"Deputy Zipperstein told the Snodgrasse's mentally handicapped son he was “desperate for drugs,” and demanded not only marijuana but his prescription clonazepam before he was arrested. “I’m on medication and it helps me,” he told his mother. “I thought he needed help.”
"The problem is that her son was never a drug dealer.
"Catherine Snodgrass said her son agreed to get the marijuana because his friend, Deputy Zipperstein, said he was in trouble.
"The Snodgrasses said it was obvious to Deputy Zipperstein that their son suffers from serious disabilities.
"Sheriff’s officials have released few details about how many other special education children were arrested.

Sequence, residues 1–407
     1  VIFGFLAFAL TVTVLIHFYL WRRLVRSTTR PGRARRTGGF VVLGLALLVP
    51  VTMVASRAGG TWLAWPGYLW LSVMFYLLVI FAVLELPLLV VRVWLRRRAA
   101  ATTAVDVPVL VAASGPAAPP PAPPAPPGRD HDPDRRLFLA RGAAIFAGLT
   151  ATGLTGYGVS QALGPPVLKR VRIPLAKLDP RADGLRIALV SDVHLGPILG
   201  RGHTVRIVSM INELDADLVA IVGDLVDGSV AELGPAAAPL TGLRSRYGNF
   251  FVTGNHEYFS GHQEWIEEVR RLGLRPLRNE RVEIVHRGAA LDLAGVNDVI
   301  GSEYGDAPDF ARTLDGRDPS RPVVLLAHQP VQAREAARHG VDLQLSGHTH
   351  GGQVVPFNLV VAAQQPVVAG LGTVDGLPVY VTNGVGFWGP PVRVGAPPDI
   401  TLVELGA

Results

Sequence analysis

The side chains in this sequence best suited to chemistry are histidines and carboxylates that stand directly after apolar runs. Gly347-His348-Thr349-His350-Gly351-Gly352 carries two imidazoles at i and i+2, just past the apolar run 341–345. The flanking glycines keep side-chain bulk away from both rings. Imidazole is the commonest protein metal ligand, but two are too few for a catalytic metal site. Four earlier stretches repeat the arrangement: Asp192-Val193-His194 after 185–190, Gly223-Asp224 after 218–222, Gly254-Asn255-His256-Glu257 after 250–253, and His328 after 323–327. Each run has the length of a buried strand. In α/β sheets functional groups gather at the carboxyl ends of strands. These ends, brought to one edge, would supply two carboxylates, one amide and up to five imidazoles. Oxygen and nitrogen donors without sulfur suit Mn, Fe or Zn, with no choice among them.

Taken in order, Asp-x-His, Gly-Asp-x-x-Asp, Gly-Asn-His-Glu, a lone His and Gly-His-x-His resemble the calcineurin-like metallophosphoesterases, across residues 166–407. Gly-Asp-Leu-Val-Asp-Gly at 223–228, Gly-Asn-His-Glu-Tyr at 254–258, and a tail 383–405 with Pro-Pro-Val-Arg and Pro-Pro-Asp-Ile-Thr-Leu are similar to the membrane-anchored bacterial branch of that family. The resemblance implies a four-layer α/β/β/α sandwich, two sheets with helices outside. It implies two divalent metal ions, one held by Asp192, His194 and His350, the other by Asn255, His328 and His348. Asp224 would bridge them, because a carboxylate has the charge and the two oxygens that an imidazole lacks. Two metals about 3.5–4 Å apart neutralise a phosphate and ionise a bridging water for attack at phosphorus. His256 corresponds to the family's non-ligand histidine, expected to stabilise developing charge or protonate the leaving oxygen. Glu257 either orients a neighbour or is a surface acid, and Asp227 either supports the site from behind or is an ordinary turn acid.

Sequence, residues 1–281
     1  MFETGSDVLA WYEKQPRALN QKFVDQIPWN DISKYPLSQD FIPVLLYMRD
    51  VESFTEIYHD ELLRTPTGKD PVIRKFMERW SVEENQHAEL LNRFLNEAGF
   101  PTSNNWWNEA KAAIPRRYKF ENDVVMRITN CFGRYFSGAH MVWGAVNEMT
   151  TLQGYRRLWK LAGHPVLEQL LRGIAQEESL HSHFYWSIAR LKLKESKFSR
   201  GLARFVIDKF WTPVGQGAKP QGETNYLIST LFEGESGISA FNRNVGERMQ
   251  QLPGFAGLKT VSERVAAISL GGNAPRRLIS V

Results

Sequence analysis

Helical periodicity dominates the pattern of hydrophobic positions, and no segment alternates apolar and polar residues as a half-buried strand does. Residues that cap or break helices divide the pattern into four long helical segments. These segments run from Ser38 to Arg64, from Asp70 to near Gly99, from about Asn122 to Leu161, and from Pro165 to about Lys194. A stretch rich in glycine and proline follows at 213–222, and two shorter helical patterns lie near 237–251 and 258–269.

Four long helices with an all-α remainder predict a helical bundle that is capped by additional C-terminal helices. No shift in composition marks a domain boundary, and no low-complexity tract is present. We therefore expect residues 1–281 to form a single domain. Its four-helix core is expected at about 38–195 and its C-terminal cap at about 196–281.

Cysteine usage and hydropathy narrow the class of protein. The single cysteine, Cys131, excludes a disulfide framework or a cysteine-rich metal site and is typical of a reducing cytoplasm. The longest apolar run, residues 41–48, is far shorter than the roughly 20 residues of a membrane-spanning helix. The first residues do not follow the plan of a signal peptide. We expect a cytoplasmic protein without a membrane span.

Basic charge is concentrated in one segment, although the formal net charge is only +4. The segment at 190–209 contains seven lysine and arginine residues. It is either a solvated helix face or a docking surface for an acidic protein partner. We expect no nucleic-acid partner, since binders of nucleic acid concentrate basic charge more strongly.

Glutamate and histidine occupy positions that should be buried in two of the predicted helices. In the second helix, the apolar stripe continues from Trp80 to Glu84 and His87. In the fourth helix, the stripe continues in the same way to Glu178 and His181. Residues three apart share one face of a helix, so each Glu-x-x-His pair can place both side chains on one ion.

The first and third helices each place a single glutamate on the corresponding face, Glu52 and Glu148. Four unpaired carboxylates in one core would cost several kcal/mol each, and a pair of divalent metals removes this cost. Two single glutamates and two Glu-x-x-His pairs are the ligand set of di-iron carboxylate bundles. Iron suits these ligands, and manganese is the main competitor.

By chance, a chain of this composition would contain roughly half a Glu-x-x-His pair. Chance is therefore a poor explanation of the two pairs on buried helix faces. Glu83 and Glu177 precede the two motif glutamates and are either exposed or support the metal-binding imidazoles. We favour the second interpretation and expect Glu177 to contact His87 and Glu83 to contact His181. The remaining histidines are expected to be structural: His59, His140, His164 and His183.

"Capt. John Pingel called the department’s undercover operations a success.
"Likewise, Temecula Valley Unified School District Superintendent Tim Ritter, “I’m sure this sent a message to the rest of the kids.”
"When his son sees a police car now, the father said, he panics and ducks.
“I just thought it was really shameful that the Sheriff’s Department targets mentally handicapped children ,” she said. “It’s not within his capacity to deal with this.”
"The Snodgrasse's son is in special education and receives treatment for several psychiatric conditions. The teen’s name is not being used because he was charged as a juvenile. The parents agreed to be named.
"Sheriff’s officials said they could not discuss details of the case and declined to make Deputy Zipperstein available for an interview.
"The teen didn’t have access to prescription drugs — his parents control his medication. But eventually, they said, their son obtained small amounts of marijuana and twice sold it to the deputy for $20 near campus. He later told his parents he had bought the marijuana from a homeless man on the street.